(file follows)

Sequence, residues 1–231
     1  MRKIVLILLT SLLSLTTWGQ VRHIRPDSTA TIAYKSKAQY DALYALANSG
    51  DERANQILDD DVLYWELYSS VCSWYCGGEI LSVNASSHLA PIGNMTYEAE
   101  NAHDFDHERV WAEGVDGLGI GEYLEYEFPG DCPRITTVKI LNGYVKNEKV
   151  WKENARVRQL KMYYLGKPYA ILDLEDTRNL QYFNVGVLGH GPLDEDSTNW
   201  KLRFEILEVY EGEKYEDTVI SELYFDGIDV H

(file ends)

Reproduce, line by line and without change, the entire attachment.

Sequence, residues 1–231
     1  MRKIVLILLT SLLSLTTWGQ VRHIRPDSTA TIAYKSKAQY DALYALANSG
    51  DERANQILDD DVLYWELYSS VCSWYCGGEI LSVNASSHLA PIGNMTYEAE
   101  NAHDFDHERV WAEGVDGLGI GEYLEYEFPG DCPRITTVKI LNGYVKNEKV
   151  WKENARVRQL KMYYLGKPYA ILDLEDTRNL QYFNVGVLGH GPLDEDSTNW
   201  KLRFEILEVY EGEKYEDTVI SELYFDGIDV H